The sudden death of Miracle on Ice star Mark Pavelich at a treatment center last week has shocked and devastated those closest to him. The devastation is understandable, since Pavelich was just 63 and, despite his checkered recent past, was seen by many as a loyal friend and compassionate and caring individual. The shock comes from the fact that those who knew him best thought he was finally turning a corner in his recovery and they were seeing glimpses of the Mark Pavelich they knew was always in there.
Exactly one week after his 63rd birthday and weeks before he was set to stand trial on four felony assault charges, Pavelich was found dead at the Eagle’s Healing Nest rehabilitation center in Sauk, Minn., last Thursday. No cause of death was released. It shocked his former teammates with the 1980 U.S. Olympic team, a number of whom from Minnesota kept in regular contact with him. Someone close to the situation acknowledged that the NHL Alumni Association had taken a lead role in advocating for Pavelich, helping him get moved from the Minnesota Security Hospital in St. Peter, Minn., to the Eagle’s Healing Nest and working with lawyers to help secure future furloughs and weekend passes.
Everything seemed to be trending in the right direction. Then Pavelich was found dead. Minnesota-born former teammates such as Bill Baker, Buzz Schneider and Phil Verchota had kept in close touch with Pavelich over the years and could not believe what happened. “I would talk to him every couple of weeks, and he was upbeat and everything was going great,” Schneider said. “I don’t know. I just don’t get it. He seemed to be doing so well. I texted him on his birthday (Feb. 27), and I called him right after, and he never called back. And then I got the news, and I was in my car and I was riding around and I didn’t even know where I was. It was a tough one. It blew me away.”
Baker said he had just visited Pavelich in February and remarked on how much more pleasant things were at Eagle’s Healing Nest for Pavelich than the were at the maximum security hospital in St. Peter, and he felt Pavelich was turning a corner in his recovery. “He seemed like the same old Pav,” Baker said. “Phil Verchota talked to him a lot as well, and we both agreed it sounded like the same Pav. He seemed to be doing really well, so I was shocked. I’m hoping it’s natural causes, but I don’t know. You always wonder how badly he was hurting.”
Pavelich’s sister announced after his death that Pavelich’s brain has been donated to determine whether he was suffering from chronic traumatic encephalopathy (CTE), but results of those tests won’t be known for weeks. If that is indeed the case, it would go a long way to explaining how a quiet recluse who loved to hunt, fish, play hockey and strum his guitar went from being an Olympic hero to a possible violent offender. The charges against Pavelich stemmed from an incident in which he allegedly assaulted a neighbor with a metal pole in the summer of 2019. CTE, which can only be diagnosed after death, is associated with the development of dementia, as well as changes in behavior and mood.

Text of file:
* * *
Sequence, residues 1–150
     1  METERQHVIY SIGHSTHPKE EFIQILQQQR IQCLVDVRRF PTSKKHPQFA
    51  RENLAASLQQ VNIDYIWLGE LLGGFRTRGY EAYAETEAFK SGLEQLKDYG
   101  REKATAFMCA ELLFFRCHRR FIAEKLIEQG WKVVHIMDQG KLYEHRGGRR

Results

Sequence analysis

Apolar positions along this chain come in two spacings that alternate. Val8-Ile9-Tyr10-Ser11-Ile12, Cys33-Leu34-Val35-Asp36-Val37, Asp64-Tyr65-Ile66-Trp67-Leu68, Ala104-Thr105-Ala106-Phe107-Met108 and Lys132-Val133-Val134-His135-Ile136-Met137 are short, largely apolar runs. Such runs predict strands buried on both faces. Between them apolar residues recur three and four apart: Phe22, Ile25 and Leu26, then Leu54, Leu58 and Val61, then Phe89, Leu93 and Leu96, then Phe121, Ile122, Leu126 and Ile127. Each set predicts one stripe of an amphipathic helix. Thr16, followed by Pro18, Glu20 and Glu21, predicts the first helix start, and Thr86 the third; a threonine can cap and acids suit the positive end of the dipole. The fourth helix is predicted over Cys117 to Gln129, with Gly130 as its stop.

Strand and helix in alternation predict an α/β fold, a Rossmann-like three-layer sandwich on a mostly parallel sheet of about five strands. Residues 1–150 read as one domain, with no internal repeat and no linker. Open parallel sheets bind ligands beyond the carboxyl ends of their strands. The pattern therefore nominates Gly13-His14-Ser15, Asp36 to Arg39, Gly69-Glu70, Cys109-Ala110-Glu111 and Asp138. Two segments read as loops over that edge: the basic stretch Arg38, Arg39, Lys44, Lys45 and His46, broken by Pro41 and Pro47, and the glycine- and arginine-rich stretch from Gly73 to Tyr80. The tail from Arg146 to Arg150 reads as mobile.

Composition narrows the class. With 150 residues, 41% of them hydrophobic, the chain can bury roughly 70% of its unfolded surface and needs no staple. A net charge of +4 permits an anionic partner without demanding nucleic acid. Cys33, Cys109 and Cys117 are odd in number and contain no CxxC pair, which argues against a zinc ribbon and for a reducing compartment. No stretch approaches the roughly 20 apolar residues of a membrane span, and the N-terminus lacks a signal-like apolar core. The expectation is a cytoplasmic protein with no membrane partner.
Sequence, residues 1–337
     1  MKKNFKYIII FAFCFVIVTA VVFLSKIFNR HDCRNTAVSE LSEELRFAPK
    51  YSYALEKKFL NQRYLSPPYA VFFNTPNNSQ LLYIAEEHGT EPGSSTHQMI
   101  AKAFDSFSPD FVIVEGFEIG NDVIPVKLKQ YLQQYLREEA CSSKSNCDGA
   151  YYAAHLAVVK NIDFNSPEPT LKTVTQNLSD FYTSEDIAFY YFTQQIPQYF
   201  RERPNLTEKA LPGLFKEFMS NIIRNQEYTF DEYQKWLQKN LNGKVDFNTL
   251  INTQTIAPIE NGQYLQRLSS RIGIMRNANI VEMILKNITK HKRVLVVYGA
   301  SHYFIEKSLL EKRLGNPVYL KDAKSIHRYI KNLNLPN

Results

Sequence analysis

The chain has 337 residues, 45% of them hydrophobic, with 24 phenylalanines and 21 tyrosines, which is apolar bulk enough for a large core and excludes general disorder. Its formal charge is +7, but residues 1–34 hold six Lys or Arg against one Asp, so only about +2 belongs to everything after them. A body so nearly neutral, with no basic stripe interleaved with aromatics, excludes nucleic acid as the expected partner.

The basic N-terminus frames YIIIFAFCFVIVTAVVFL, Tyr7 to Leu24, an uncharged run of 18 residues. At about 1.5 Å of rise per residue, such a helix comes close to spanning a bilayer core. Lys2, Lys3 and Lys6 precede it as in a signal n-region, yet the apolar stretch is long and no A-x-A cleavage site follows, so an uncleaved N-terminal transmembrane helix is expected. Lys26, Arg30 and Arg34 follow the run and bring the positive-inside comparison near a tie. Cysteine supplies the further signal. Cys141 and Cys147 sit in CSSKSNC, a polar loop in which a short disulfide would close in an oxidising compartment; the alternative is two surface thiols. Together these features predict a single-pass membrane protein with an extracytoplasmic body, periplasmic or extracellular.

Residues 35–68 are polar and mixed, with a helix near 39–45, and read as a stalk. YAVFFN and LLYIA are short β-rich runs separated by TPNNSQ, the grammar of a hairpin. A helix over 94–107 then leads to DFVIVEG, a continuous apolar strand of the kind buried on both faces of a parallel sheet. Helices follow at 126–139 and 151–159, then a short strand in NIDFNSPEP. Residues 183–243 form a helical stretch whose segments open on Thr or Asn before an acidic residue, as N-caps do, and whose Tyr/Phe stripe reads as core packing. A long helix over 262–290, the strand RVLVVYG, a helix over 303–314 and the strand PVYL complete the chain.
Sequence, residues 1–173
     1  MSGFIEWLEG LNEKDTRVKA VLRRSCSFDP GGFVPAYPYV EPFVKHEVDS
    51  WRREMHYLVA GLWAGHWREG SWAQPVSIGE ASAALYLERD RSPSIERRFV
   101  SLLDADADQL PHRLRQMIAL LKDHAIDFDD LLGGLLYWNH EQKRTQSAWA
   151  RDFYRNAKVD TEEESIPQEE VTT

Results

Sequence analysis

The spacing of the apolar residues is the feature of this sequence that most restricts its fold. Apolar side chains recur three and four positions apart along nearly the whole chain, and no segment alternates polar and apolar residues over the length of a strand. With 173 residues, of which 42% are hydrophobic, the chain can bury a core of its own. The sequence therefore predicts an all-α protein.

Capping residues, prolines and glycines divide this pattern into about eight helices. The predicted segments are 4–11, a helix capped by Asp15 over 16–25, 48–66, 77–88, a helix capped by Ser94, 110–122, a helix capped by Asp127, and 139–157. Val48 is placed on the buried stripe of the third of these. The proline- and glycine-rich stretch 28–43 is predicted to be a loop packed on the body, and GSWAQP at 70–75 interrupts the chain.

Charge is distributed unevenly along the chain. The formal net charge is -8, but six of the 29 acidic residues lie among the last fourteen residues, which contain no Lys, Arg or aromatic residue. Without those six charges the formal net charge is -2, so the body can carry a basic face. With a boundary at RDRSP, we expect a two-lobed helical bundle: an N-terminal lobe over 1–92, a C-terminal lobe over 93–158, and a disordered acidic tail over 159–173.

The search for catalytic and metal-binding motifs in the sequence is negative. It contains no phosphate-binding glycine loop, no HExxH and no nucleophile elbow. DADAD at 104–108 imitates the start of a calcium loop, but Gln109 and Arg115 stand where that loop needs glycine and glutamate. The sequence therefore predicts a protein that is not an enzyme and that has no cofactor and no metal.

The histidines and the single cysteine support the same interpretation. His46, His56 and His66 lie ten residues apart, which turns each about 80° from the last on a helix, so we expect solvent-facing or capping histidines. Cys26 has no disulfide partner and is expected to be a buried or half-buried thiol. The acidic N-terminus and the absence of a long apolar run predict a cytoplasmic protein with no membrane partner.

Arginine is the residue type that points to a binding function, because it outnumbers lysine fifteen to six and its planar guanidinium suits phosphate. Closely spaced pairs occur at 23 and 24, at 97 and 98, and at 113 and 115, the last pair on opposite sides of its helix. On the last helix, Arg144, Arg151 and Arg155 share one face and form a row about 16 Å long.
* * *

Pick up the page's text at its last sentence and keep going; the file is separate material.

The NHL is on record as saying there is no proven direct link between repeated blows to the head and CTE, but last October, when Pavelich was ruled not mentally competent to stand trial, a psychologist who examined him concluded that he suffered from a post-traumatic stress disorder and a mild neurocognitive disorder, saying his condition was “likely related” to head injuries sustained over his lifetime. Pavelich was deemed competent to stand trial last spring and in the fall was approved for transfer to a less restrictive facility.
What Pavelich’s former teammates are now concerned with is his legacy. The Mark Pavelich who was charged with those violent crimes was not the Pavelich they knew, on or off the ice. Team captain and former linemate Mike Eruzione, who scored the winning goal against the Soviets on a pass from Pavelich, maintained Pavelich was quiet and unassuming, never wanting the trappings that came with celebrity. Eruzione, who later was a television analyst for the New York Rangers, recalled the only way they could get Pavelich to do interviews was to offer him a gift card from a hunting and fishing outlet.
“Pav was the kind of guy who would score two goals and three assists and not say anything about it,” Eruzione said. “He lived to hunt and fish and play his guitar and play hockey. When I talked to him, there was nothing different about him. Not a thing. Same old Pav.”
In the more than 40 years after the fact, that Miracle on Ice team lost coach Herb Brooks in a car accident in 2003 and defenseman Bob Suter to a heart attack in 2014.
“Someone was saying that it’s a good thing Bob Suter is there in heaven,” Eruzione said. “He’ll be able to help Pav deal with Herb.”